Ed, appreciated

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Posted by scrowe ( on November 05, 2016 at 22:36:23:

For many on this board the most fascinating thing about the band, the secret sauce that took it from strong to spectacular, the "je ne sais quoi" was Marc, but for me it was always Ed. I am a piano player because of Ed. Because of him, I have always listened for the keys parts of these records more intently than anything else. Odd bootlegs - the Band session rehearsals come to mind - were always gold to me, because sometimes Ed was accidentally mixed up more than normal, and I got to swim around in the B3. I always liked Adam's playing -- apples and oranges can both be good -- but it's a shame Ed wasn't in health to be a part of late era Crowes, because I think the music was in a better place to provide keys a more prominent, appreciated role in the mix.

Anyway, as an appreciation I want to share a few Ed tracks I love. This is hardly exhaustive.

1. First, it made me happy that CR posted the Tall cut of Descending. The richest sound engineering they ever allowed Ed in the studio. The piano sound is so full and deep. And this is of course the version they played live. The Amorica version outro solo is more developed, but they demoted his tone.
2. Descending 7-12-97. There's probably a better rendition, but this was always my favorite
3. Conspiracy, studio - they played the single on the radio in my town, and I was primarily fascinated by the organ solo. So I bought Amorica, which was my first Crowes record.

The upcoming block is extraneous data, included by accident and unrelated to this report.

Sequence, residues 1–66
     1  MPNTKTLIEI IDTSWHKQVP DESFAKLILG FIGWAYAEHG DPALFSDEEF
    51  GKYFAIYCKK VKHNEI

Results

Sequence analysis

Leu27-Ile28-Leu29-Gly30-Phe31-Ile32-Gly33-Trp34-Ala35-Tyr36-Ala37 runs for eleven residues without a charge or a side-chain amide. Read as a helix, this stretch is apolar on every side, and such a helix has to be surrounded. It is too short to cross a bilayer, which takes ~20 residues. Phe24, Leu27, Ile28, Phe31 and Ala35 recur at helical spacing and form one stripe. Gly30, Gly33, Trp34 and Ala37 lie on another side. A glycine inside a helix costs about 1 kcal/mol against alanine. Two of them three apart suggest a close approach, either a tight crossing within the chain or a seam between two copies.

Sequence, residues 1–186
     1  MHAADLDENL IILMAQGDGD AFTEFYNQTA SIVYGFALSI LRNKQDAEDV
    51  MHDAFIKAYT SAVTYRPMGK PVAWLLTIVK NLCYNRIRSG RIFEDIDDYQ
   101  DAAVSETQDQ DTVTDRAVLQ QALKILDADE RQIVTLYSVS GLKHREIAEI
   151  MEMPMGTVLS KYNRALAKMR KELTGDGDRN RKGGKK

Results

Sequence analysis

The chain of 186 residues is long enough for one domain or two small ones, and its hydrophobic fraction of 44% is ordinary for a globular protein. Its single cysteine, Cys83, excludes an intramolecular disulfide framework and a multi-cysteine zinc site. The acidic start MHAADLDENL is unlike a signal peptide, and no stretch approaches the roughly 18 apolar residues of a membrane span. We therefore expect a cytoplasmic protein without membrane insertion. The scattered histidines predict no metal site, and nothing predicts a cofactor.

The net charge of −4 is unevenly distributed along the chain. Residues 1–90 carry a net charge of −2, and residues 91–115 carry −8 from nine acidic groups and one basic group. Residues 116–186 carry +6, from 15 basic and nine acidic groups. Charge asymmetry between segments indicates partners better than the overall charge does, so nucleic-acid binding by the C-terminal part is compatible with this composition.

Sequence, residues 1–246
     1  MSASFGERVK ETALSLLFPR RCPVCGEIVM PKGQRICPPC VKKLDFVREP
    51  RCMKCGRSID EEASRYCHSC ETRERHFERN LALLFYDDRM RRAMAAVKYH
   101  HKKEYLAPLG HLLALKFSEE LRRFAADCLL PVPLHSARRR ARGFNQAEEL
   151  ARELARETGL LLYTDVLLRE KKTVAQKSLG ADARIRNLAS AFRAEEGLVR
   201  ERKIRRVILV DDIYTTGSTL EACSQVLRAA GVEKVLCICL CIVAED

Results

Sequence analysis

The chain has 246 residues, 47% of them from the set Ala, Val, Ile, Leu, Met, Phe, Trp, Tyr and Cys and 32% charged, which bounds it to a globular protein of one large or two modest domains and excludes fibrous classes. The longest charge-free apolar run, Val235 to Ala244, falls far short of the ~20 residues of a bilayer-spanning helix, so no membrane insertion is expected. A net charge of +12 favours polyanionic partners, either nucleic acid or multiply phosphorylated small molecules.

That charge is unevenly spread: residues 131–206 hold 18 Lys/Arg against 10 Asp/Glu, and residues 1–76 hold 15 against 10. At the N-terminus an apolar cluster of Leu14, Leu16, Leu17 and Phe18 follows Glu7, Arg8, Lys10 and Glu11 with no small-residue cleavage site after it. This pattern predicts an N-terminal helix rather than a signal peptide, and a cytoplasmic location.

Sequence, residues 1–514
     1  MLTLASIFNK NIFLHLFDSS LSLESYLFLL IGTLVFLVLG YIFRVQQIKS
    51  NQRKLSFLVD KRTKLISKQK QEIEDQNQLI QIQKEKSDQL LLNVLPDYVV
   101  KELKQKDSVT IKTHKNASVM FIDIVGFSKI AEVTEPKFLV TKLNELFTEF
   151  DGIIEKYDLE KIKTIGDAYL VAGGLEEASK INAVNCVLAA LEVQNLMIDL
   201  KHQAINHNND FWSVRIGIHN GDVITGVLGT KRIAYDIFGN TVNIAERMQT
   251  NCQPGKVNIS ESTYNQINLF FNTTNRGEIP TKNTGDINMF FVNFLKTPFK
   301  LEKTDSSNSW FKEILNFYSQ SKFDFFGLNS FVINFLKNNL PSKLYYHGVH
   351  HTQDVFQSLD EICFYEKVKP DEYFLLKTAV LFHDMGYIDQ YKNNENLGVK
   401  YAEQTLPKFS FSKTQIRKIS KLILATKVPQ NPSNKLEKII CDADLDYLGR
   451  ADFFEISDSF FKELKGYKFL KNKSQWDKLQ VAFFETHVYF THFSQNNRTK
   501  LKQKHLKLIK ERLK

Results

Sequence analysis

4. Hot Burrito #1 1-19-97. Subtlety, thy name was Ed.
5. Nasty Boogie Woogie / Sloppy Drunk, 97 tour. They at last took off the man's restrictor plate, so to speak.
6. "He was a Friend of Mine", '96 Bullet Sound Studios session.
7. Under a Mountain, Three Snakes, 0:00-0:04. The best 4 seconds of any Crowes record.
8. Off the exquisite self-titled Bulldog record: "New York, New Girl", "Shelter,", "South Dakota Sad Eye", and particularly "Just a Knife in the Back."

I could never begin to list all the sublime Thorn and Black Moon Jam organ swipes I used to listen for and pull out of my headphones. Frankly, if the man ever played a bad note for the Crowes, or had a clumsy moment, or overplayed, I didn't hear it.

I also seem to recall there was some good stuff with Robert Bradley's band, and I was never smart enough to unearth the right James Cotton records.

I'd love to hear your favorites.

I've been on this board forever and through the long, colorful and frustrating history of the personnel I've never been motivated to make such a post. But Ed was the real deal.


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